How to use targeted stress to promote relaxation

As part of our Biohacking Masterclass Series, we will explore a number of different techniques and practices to improve your daily performance. This series will range from obvious subjects like exercise and nutrition to fringe subjects like breathing techniques and sleep hygiene.


In recent weeks we’ve spoken extensively about parasympathetic and sympathetic activation. As a refresher, the autonomic nervous system (ANS) is responsible for controlling states of alertness and states of relaxation. The ANS is composed of two branches, the parasympathetic and sympathetic nervous system. 

Parasympathetic activation leads to relaxation and restoration. This state is characterized by a low heart rate, proper digestion, and a release of serotonin and oxytocin (happiness hormones). On the other hand, sympathetic activation promotes alertness and readiness for action. Sympathetic states are responsible for the ‘fight or flight’ stress response that is characterized by an adrenaline rush, heightened heart rate, decreased digestion, clammy hands, and more. 

Normally, the body will maintain a general state of parasympathetic activation until the sympathetic nervous system is required. Now that our lives typically require little need to fend for our safety, sympathetic cues are more often daily stressors like big presentations, an important competition, or a chaotic car ride. This is entirely fine in isolation and should even be an expected state periodically. The important caveat is that you should come down from your heightened response and kick back in your unique way.

The issue is, these stressors are frequently experienced unconsciously, where we are not entirely aware of our increasingly activated sympathetic response. When we string together several days of this ‘stressed out’ state, we begin to take away from our body’s relaxation and restoration phases. If taken to the extreme, the body can respond with a depressed immune system, increased risk of cancer, chronic inflammation, and more. More commonly, however, our body sends subtle warning signals. Our resting heart rate increases, we digest food poorly, and we might begin to feel less and less recovered after suboptimal sleep.  

For many people, this might feel familiar. It might feel like a cycle you’ve experienced during more strenuous times in the year, only to discount it as something transient and unrelated. Of course, nobody wants to stay in a chronically stressed out state and the ‘unconscious’ stress is exactly that: under the radar of our awareness. One of the most critical steps towards restoring your body’s rhythm is to pay attention to this ‘unconscious’ stress cycle. Once you understand what it feels like to you, you might want to arm yourself with a toolkit that will take your sympathetic activation down a notch.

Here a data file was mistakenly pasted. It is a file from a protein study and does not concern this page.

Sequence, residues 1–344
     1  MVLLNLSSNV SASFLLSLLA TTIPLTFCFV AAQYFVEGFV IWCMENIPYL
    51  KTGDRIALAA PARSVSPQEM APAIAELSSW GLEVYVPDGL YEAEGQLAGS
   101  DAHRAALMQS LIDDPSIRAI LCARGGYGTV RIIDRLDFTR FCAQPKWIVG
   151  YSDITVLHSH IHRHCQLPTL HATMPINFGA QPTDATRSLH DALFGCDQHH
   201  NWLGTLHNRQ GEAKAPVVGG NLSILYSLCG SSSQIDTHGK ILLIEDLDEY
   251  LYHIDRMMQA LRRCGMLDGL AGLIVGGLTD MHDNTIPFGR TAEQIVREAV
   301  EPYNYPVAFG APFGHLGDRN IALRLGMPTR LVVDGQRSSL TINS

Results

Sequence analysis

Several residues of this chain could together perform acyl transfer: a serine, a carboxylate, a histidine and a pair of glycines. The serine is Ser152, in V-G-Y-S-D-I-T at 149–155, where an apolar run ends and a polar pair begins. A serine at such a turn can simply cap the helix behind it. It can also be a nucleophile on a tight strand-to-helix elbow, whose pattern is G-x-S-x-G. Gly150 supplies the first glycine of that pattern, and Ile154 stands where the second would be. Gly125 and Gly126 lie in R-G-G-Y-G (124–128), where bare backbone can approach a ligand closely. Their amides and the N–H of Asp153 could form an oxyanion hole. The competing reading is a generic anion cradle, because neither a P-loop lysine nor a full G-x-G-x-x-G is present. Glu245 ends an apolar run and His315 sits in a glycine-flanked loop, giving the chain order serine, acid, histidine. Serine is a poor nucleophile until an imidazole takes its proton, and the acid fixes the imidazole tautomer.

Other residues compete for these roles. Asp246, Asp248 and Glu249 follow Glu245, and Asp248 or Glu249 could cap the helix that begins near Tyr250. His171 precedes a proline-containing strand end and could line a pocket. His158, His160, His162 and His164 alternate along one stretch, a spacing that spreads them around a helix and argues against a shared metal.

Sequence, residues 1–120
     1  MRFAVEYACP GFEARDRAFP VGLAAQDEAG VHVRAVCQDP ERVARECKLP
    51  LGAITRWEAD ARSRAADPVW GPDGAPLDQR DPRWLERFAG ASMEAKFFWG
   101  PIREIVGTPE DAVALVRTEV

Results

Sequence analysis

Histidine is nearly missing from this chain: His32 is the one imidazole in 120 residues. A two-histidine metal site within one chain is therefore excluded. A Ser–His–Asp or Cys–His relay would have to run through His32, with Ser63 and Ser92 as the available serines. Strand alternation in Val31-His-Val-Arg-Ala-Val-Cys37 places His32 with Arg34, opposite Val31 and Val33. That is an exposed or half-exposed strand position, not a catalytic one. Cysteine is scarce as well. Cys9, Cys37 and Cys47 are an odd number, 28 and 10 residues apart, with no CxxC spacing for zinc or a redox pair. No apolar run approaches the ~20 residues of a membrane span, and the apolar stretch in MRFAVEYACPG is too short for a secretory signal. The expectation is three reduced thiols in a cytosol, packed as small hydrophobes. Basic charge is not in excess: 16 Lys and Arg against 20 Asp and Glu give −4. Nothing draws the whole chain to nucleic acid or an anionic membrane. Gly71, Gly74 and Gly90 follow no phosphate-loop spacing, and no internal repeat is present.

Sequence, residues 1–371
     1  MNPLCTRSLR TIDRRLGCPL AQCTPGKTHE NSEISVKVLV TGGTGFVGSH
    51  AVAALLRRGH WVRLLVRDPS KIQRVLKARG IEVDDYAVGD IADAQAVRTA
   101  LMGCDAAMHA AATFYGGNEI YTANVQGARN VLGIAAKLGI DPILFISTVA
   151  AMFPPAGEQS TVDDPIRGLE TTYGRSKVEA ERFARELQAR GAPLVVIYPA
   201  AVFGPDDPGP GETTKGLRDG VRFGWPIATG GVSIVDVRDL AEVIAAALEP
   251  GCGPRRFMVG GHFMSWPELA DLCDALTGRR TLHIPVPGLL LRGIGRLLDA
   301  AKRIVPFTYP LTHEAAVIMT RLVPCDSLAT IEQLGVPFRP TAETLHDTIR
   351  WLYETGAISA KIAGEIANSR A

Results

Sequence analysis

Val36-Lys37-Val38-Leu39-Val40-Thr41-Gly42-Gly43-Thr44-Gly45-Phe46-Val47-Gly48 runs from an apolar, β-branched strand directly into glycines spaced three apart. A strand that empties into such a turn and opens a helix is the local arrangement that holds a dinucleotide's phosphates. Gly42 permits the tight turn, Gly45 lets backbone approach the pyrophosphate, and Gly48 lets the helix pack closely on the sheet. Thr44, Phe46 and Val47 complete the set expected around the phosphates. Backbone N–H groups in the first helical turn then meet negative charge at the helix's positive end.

Ironically, one of the best ways to help your body return to a parasympathetic state is to provide it with a conscious sympathetic stimulus. Over time, consistent conscious signals train healthy transitions between the autonomic systems. Combining conscious stressors with consistently practiced relaxation techniques will enable greater control of a system preciously believed to be beyond control. 

Fortunately, there are several proven sympathetic stressors spanning from physical activity to breathing to cold-therapy. Remember to use the conscious sympathetic stressors in addition to your choice of parasympathetic activators. 

Conscious sympathetic stressors: 

  • Wim Hof breathing method: This and other variations of tummo (inner fire) breathing meditation are powerful regulators of the autonomic nervous system. See the video instructions here. If possible, breathe through the nose. 
  • Cold exposure: Acute cold exposure stimulates the vagus nerve and serves as an artificial stress signal. As your body adapts to the temperature, your parasympathetic nervous system increases its activity. Cold showers, ice baths, and outdoor cold exposure can do the trick. Again, Wim Hof has extensive experience in this regard, so refer to his site here
  • Moderate exercise: Exercise stimulates the sympathetic nervous system and results in increased heart rate and respiration. After exercise, your body responds with increased parasympathetic activation. Consistent exercise will enable a return to normal relaxed states.  
  • Sauna bathing: Researchers evaluating the effects of a sauna session on the autonomic nervous system found an increase in sympathetic activation during the bathing period. During the cooling period, HR dropped and HRV increased significantly, demonstrating a rebound in parasympathetic activity. 

 

Conscious parasympathetic activators:

  • Resonant breathing: We wrote a more in depth article about this breathing technique here. This exercise has proven benefits for increasing HRV and returning to a relaxed, restorative state. We’ve found that focusing on expanding your breath into your lower abdomen and bottom two ribs works best. 
  • Alternate nostril breathing: Again, this technique has been proven in research settings. We have a full breakdown of the exercise here. Throw this in for 15-20 minutes before bed for ultimate relaxation. 
  • Meditation: There are countless types of meditation, but our favorite is transcendental. Apps/programs like Calm, Headspace, or NSR are widely used.